^ Problems for English speakers: story, discourse, plot, fabula, and sjuzet


Most speakers of English grow up using story to mean what we are referring to here as narrative. When in casual conversation, English speakers say they've heard a "good story," they usually aren't thinking of the story as separate from the telling of it. When a child wants you to read her favorite story, she often means by that every word on every page. Leave a word out and you are not reading the whole story. But as I hope will become clear as we go on, the distinction between story and narrative discourse is vital for an understanding of how narrative works.

There is a parallel problem with the term narrative discourse, especially if we take narrative to mean all modes of conveying stories. It is a little awkward in English to apply the term "discourse" to elements like montage or camera work in films, or design in painting. And yet it is true that these things are a kind of language or discourse that we understand and can read, and out of which we can reconstruct a story.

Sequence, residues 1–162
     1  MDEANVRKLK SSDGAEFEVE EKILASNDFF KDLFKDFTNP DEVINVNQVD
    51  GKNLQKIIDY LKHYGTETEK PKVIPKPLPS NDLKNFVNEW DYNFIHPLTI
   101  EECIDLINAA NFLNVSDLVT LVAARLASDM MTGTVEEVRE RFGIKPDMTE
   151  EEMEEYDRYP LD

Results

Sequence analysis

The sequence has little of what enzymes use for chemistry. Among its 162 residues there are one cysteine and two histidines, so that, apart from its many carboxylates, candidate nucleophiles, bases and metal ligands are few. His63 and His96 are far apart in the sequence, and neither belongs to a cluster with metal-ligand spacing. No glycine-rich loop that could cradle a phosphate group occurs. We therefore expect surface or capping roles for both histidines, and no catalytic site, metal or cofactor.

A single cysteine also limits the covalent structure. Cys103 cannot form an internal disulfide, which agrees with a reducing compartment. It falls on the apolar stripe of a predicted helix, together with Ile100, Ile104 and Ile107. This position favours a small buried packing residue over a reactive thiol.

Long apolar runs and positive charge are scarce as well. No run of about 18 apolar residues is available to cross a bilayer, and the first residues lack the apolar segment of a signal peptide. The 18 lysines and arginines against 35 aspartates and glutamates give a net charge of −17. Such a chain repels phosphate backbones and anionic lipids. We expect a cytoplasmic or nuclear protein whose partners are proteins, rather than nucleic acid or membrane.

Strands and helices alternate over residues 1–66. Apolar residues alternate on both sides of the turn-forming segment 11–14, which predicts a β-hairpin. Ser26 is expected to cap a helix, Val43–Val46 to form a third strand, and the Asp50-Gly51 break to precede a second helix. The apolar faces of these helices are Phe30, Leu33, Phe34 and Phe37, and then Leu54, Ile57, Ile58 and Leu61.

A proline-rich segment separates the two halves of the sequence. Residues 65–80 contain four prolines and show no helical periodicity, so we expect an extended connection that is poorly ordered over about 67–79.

A number of scholars prefer to use the distinction fabula and sjuzet, rather than story and narrative discourse. But as it usually refers to the way events are ordered in the narrative, sjuzet is a less inclusive term than narrative discourse. Other words for sjuzet are Aristotle's muthos or mythos as well as the familiar plot. Unfortunately, for English speakers "plot" is pretty well disabled, since we so commonly use it not to refer to the order of events in the narrative but to its opposite, story (as Chatman does in one of the quotes above). I will be drawing on this traditional English understanding of the word "plot" in Chapter Four when I introduce the concept of the masterplot. But the point of this brief discussion is to let you know that there are alternative terms, should you want to use them. My own position is that the distinction of "story" and "narrative discourse" is now widely enough used in the discussion of narrative to serve us well.